The Minneapolis police union is helping the Trump campaign recruit retired officers as "poll challengers" to patrol voting locations in "rough neighborhoods," The Minneapolis Star Tribune reports.
Minneapolis Police Federation President Lt. Bob Kroll passed on a request from the campaign to members, asking them to "share" and "[write] me if you are willing to assist," according to a copy of the email obtained by the outlet.
The request seeking 20 to 30 former officers to serve as "poll challengers" in "problem" areas came from William Willingham, a senior legal adviser director of Election Day operations for the Trump campaign.
"Poll Challengers do not 'stop' people, per se, but act as our eyes and ears in the field and call our hotline to document fraud," Willingham wrote in an email to Kroll. "We don't necessarily want our Poll Challengers to look intimidating, they cannot carry a weapon in the polls due to state law . . . We just want people who won't be afraid in rough neighborhoods or intimidating situations."
Minneapolis City Council Member Jeremiah Ellison, the son of Minnesota Attorney General Keith Ellison, said the email was "incredibly inappropriate."
"To the extent that Bob Kroll wants to participate in a voter intimidation campaign, the city will take that very seriously," he told The Star Tribune. "There's the clear dog whistle of 'rough area,' and we need people who aren't 'easily intimidated' and people who aren't scared."
Minnesota law allows poll challengers to "challenge" another voter's eligibility "if and only if they have personal knowledge of that voter's ineligibility."
"Suspicion is not a basis for making a challenge," the secretary of state's office says on its website. "The challenger must personally know that a specific person is not eligible to vote for a specific reason."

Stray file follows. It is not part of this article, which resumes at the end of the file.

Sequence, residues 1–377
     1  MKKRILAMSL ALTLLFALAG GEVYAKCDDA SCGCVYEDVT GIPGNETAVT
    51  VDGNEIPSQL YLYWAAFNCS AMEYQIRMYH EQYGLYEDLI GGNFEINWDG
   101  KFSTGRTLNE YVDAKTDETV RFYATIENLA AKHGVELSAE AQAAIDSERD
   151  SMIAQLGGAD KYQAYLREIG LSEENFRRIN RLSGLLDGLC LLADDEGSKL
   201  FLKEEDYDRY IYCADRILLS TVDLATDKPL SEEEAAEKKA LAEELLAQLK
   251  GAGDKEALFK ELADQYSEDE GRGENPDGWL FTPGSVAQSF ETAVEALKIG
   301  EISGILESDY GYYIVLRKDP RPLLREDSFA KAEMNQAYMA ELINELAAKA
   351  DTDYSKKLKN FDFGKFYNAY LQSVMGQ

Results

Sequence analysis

The request to the police union came after Keith Ellison launched an investigation into an out-of-state security firm that put out a call recruiting former U.S. Special Operations personnel as armed guards to "make sure that the antifas don't try to destroy the election sites."
"Minnesota and federal law are clear: No one may interfere with or intimidate a voter at a polling place, and no one may operate private armed forces in our state," Keith Ellison said in a statement. "The presence of private 'security' at polling places would violate these laws. It would make no one safer and is not needed or wanted by anyone who runs elections or enforces the law."
The Trump campaign denied any involvement with that effort or with armed guards who set up watch outside of a Florida polling place last week.
But the Trump campaign and Republican National Committee have long worked to recruit some 50,000 "poll watchers" after a federal court lifted a decades-long ban imposed on the national GOP after repeated instances of voter intimidation.
Republican officials said about 3,000 people have already volunteered to take part in the effort in Minnesota, according to The Star Tribune.
The efforts have sparked concerns about the potential of voter intimidation, particularly after Donald Trump Jr. filmed a campaign ad urging supporters to join an "Army for Trump's Election security operation" to prevent the "radical left" from trying to "steal this election from my father."
Kristen Clarke, the head of the Lawyers' Committee for Civil Rights Under Law, said the statements show that "intimidation is now public and planned."
"Not only is the sitting president purportedly amassing an 'Army' of amateur provocateurs to fan out across the country, but we're also seeing misinformation campaigns, disinformation campaigns and 'lone wolf' intimidation efforts by armed militias," Clarke wrote in a USA Today op-ed.
Clarke's group has recruited 23,000 legal volunteers to assist voters who report voter intimidation at their nonpartisan hotline at 866-OUR-VOTE.
"While these incidents are deeply troubling and demonstrate a rising pattern of voter intimidation, it is vital that we do not allow them to succeed by cowering in fear," she wrote. "There will undoubtedly be scattered incidents of attempted voter intimidation between now and Election Day — but we can fight back."